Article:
But there are many other ways in which the cultivation of the Missionary spirit may prove useful to our people. I will assume that you have, for some time, systematically followed the plan I am recommending, and that your flock have become familiar with the general aspect of the Missionary field. The whole of your pastoral intercourse with your people will be affected by it. Suppose, for instance, that in speaking to a congregation so instructed, you wish to produce some of “the evidences” of the truth of the religion we profess, and to prove the Divine authorship of Holy Writ: what more appropriate, or striking fact can you adduce—what more telling argument can you strike out, than the universal applicability of the words which the Bible speaks; the perfection of the picture which it sets forth of the character of man, as displayed not in one place only, but in many, nay, in every region of the earth, by men of every colour, and differing as much in other respects as in geographical position, and external circumstances ?
Or again, if a self-righteous man meet you with the common answer, “I have never done any man harm;" with what power may you show him that he is a murderer, that God requires the blood of many among the heathen at his hand, for he had the means of sending to them the blessed Gospel, for lack of which they are undone, but he would not. By such an argument well might he be constrained to cry out, “God be merciful to me a sinner!”
In a word, make but the trial, and you will find the principles and details of Missionary work pregnant with the aptest illustrations of all the leading doctrines of the Gospel; thus there shall be given you a personal reward for all your trouble, in the facility with which your own addresses are arranged; and a still higher cause for gratitude, from the way in which your exertions are appreciated by your people, and in the effects produced upon them.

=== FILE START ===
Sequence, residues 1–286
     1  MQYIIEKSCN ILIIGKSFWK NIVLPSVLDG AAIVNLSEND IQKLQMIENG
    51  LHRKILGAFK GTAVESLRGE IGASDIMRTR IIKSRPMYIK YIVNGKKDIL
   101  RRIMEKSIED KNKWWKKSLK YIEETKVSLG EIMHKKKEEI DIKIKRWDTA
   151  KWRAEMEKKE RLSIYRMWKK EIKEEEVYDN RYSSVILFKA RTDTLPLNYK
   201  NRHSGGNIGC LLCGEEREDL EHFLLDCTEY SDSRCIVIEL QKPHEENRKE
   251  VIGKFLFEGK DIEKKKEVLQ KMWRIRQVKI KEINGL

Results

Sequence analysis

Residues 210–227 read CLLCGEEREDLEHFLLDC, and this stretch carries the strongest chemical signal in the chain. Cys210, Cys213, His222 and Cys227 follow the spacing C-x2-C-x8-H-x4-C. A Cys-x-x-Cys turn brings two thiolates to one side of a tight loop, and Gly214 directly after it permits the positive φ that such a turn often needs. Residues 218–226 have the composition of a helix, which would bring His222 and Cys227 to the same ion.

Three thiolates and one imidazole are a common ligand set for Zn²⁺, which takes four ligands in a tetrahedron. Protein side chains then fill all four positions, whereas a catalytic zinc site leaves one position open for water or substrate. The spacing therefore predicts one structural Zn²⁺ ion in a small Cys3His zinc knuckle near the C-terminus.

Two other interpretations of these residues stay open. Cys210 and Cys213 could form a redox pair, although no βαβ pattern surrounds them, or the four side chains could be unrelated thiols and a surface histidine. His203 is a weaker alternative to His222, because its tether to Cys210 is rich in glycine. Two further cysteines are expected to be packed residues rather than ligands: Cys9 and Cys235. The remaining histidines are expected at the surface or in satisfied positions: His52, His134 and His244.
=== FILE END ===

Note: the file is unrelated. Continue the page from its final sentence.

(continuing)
But let us take a wider view, and see what the spread of a Missionary spirit has actually done for our whole land ? Incalculable are the blessings it has brought upon the nation. The home influence of Missionary work has helped (if it has not done more) to bring forward and to mature a vast majority of the plans, now in operation, for ameliorating the condition, temporal as well as spiritual, of the great masses of our long-neglected fellow-countrymen; and has been the means of assisting (I had almost used a stronger word) to soften many of the prejudices which once proved a powerful hindrance to the diffusion of religious light amongst ourselves.
This point is so important, that I will venture
to illustrate it at some length. Take the history of the last fifty years.
At the end of the last century the long-dormant Missionary spirit awoke from its slumbers, and the leading spirits of the age * began to proclaim that something ought to be done for the heathen. Up to that time, and for more than ten years of the present century, the spread of Christianity was dreaded, and therefore impeded in every way, by most of those who were in situations of power and influence. The policy pursued with regard to the Indian empire, affords a just index to the state of Natimal feeling at the time. After a long and arduous struggle, the Missionary was permitted to enter India ; and it was found that to elevate the native mind, morally and religiously, was not the suicidal act that had been supposed. From that time our care for our Indian fellow-subjects has been growing and increasing, until we now see three Indian bishoprics established, with the hope of others being added, and religious institutions of every description growing and increasing with an equal rapidity. But the important point is, to observe the course of events at home during the same period.
Let us take first the subject of Education, as
* If a list of those to whom this description is applicable, were to be drawn up-arranged in the order pointed out by the value of the services they have rendered to mankind, and the influence they have exerted upon their contemporaries and successors,-politicians, and soldiers, men of letters, and men of science, must all give place to the immortal names of those who aroused their country to listen to the claims of the beathen world,